Here is the official synopsis of the film: Amidst some of the most tumultuous times in our nation’s history, one unlikely figure finds himself in the eye of the storm as he works to advance the causes of peace and equal rights for all people. He is Rev. Theodore Hesburgh, C.S.C, longtime president of the University of Notre Dame. Hesburgh offers a unique glimpse at more than fifty years of American history. Educator, civil rights champion, advisor to presidents, envoy to popes, theologian and activist, Hesburgh was called on by countless world leaders to tackle the most challenging issues of the day. He built a reputation as a savvy political operator with a penchant for bridging the divide between bitter enemies. Through it all, he remained a man armed with a fierce intelligence, a quick wit and an unyielding moral compass — a timeless example of bipartisan leadership that would serve us well in today’s increasingly polarized times.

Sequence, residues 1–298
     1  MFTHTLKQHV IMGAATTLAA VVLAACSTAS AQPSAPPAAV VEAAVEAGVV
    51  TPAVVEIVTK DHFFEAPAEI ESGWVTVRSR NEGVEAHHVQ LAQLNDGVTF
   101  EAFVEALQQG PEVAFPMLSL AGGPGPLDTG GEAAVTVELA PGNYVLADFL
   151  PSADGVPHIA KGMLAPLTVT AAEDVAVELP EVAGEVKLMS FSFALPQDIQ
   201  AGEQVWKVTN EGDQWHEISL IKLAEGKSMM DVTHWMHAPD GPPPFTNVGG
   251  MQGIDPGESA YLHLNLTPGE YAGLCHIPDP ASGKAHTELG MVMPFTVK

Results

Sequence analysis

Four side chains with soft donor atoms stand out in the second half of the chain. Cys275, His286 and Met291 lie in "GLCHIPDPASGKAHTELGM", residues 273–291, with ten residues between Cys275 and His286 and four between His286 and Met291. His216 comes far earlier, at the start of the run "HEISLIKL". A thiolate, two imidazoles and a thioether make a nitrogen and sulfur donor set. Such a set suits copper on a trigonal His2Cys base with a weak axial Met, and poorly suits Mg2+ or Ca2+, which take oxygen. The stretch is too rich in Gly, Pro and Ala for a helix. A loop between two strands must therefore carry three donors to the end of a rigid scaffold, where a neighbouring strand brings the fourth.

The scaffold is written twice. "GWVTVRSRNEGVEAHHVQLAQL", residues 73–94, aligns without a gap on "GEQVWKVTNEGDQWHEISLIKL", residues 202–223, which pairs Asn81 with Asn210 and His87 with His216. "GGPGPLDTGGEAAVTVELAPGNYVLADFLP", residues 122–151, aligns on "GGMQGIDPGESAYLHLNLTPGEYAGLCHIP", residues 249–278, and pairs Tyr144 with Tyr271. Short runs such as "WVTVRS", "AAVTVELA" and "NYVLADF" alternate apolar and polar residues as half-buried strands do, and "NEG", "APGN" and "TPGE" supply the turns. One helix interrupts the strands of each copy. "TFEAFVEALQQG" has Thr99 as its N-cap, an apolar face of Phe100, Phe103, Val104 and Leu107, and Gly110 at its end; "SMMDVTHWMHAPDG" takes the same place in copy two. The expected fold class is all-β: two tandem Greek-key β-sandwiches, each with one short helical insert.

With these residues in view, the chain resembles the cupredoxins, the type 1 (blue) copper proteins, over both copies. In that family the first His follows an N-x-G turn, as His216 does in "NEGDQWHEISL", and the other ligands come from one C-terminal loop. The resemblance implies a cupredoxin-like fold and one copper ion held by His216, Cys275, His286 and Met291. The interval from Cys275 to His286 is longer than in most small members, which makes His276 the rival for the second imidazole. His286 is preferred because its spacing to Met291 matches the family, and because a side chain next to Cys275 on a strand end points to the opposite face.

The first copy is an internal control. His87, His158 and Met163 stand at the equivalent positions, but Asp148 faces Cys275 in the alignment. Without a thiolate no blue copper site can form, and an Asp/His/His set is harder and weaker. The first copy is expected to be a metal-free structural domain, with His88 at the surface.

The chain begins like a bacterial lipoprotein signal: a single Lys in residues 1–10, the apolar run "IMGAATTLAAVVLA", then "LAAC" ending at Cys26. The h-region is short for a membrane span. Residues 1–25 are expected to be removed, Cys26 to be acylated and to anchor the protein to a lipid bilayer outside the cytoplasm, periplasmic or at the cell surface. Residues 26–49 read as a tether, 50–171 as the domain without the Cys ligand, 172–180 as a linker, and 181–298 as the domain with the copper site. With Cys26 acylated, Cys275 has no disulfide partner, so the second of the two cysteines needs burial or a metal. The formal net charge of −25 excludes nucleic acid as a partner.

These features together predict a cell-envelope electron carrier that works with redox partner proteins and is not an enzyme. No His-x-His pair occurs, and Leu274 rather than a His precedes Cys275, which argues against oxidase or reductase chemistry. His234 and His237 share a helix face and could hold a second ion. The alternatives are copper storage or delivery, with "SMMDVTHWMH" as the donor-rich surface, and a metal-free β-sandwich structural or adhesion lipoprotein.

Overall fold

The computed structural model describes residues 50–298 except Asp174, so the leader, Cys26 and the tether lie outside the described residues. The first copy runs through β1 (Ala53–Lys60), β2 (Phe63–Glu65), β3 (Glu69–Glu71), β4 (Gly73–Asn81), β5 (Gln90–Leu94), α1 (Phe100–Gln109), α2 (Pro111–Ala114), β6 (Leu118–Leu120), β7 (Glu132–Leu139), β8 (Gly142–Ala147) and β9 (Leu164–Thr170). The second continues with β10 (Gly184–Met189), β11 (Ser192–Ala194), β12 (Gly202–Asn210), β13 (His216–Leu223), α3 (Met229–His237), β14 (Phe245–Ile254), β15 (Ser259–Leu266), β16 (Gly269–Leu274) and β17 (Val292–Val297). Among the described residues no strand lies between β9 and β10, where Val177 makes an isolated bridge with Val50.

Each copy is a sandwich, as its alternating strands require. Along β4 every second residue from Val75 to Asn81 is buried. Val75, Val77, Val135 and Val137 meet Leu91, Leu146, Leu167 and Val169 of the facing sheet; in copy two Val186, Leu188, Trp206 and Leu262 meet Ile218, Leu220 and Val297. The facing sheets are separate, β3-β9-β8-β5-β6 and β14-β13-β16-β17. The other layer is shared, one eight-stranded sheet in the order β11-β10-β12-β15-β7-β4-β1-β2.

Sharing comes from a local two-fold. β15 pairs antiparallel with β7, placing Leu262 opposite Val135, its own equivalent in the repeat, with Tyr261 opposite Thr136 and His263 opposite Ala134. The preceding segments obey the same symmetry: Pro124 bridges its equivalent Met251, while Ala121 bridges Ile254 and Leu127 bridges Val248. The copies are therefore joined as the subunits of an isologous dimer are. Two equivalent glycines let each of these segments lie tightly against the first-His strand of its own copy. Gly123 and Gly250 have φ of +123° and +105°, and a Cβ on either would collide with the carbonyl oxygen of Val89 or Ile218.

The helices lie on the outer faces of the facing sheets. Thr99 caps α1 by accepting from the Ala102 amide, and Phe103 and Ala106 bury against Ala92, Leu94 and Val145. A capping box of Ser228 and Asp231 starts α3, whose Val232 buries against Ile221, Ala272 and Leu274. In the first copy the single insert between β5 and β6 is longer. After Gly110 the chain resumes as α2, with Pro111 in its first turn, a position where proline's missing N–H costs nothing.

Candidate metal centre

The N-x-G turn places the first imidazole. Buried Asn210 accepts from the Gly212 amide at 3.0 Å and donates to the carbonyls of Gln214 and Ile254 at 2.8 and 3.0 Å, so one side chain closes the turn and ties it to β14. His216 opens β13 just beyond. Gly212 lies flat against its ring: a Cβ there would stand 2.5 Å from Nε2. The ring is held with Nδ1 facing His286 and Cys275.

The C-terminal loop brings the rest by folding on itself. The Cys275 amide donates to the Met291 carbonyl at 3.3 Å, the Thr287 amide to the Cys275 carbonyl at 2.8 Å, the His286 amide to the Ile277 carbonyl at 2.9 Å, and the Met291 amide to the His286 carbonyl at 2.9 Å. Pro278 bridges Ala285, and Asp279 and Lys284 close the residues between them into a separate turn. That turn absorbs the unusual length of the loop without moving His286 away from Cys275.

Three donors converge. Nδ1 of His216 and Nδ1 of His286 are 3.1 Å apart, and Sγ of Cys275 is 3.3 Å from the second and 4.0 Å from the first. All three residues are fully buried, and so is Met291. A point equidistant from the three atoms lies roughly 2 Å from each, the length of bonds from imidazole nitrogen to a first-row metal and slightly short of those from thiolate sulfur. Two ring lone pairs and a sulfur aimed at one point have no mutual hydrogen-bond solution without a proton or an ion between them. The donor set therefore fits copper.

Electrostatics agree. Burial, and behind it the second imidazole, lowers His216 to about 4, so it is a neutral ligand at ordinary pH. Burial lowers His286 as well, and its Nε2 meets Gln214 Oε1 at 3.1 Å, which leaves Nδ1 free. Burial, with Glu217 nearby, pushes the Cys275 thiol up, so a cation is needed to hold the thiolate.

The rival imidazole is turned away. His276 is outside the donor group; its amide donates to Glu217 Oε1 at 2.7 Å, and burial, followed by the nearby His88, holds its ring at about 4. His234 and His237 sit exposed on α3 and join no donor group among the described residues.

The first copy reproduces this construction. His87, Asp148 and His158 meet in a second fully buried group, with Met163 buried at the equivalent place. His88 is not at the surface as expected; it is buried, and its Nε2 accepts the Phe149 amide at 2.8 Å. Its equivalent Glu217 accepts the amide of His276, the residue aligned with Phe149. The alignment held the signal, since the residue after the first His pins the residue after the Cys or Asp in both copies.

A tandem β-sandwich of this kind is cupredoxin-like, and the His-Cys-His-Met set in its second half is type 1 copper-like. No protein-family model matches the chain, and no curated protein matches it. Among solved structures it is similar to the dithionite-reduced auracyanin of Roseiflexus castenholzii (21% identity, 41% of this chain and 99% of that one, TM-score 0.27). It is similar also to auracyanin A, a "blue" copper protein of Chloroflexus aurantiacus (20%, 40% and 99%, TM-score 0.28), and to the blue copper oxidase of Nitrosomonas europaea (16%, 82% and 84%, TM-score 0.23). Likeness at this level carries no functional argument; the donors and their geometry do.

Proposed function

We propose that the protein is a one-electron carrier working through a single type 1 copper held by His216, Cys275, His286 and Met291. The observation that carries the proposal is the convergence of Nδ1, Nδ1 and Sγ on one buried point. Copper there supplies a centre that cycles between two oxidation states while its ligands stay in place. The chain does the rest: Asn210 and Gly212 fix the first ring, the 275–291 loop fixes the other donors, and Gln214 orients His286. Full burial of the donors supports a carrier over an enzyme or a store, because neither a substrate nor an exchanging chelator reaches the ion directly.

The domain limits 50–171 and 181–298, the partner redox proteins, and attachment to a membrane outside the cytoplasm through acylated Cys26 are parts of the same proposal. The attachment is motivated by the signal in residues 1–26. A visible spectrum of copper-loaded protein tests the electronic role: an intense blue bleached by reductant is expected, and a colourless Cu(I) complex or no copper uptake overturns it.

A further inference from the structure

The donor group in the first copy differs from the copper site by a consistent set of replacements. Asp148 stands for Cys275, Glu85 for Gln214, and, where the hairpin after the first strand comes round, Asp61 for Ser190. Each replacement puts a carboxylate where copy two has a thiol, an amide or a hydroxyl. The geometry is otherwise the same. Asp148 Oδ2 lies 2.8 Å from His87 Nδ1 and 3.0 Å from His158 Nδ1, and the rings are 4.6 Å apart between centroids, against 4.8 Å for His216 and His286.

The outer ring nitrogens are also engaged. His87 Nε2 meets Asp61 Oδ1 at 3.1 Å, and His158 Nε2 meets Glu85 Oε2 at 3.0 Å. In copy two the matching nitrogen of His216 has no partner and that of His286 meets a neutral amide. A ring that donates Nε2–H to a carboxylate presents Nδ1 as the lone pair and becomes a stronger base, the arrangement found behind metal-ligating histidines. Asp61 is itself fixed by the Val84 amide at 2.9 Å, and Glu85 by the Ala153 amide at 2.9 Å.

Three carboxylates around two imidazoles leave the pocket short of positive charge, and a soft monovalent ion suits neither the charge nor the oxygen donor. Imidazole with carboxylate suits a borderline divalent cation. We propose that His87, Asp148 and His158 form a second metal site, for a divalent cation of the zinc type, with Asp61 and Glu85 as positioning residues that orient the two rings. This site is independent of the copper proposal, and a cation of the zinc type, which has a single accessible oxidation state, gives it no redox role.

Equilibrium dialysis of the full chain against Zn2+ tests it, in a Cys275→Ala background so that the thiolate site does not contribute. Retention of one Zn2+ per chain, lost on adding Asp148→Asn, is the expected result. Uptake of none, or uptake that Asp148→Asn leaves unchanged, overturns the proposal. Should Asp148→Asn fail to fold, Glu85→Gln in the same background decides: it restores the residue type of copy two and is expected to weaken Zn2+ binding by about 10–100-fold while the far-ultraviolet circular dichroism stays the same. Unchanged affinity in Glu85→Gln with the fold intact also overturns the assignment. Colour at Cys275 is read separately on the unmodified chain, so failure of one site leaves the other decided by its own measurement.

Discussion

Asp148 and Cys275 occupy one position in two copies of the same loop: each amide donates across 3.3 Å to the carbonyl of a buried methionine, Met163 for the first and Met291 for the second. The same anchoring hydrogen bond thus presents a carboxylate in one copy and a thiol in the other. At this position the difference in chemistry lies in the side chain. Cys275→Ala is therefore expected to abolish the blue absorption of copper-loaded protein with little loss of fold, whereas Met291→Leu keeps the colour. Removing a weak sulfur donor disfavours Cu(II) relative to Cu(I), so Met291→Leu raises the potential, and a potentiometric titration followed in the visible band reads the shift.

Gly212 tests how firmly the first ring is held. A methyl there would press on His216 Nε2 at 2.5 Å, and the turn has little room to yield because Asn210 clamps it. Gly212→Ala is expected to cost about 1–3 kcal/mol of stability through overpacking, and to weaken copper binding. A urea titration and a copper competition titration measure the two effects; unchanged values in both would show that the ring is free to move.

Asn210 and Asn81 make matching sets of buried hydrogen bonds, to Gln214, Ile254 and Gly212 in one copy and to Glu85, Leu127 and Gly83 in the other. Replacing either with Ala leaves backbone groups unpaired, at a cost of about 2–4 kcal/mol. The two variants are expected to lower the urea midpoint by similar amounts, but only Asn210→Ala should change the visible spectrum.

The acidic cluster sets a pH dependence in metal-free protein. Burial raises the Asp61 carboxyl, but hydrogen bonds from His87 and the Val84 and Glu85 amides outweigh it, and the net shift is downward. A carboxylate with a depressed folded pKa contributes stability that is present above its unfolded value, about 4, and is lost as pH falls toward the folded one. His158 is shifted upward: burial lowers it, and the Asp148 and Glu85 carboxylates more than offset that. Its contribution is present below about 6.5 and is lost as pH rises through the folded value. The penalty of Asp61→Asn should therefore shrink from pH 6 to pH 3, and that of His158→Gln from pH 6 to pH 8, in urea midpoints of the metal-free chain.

The Other Side of Heaven 2: Fire of Faith arrives in theaters on June 28, 2019. That’s nearly two decades ago after the original film (starring Anne Hathaway in her first feature film role) chronicles the real-life saga of American John Groberg, a Mormon missionary (Christopher Gorham of TV’s Ugly Betty and Covert Affairs) who journeyed to Tonga in the 1950’s. Today the movie is seen as something of a pioneering work in the modern faith-based film genre. After its theatrical run, Disney picked it up and sold over 4 million DVDs. Although Hathaway (who played Groberg’s love interest) doesn’t appear in the new film, Gorham (Ugly Betty and Covert Affairs) is reprising his role as Groberg. His wife in the sequel is portrayed by New Zealand actress Natalie Medlock.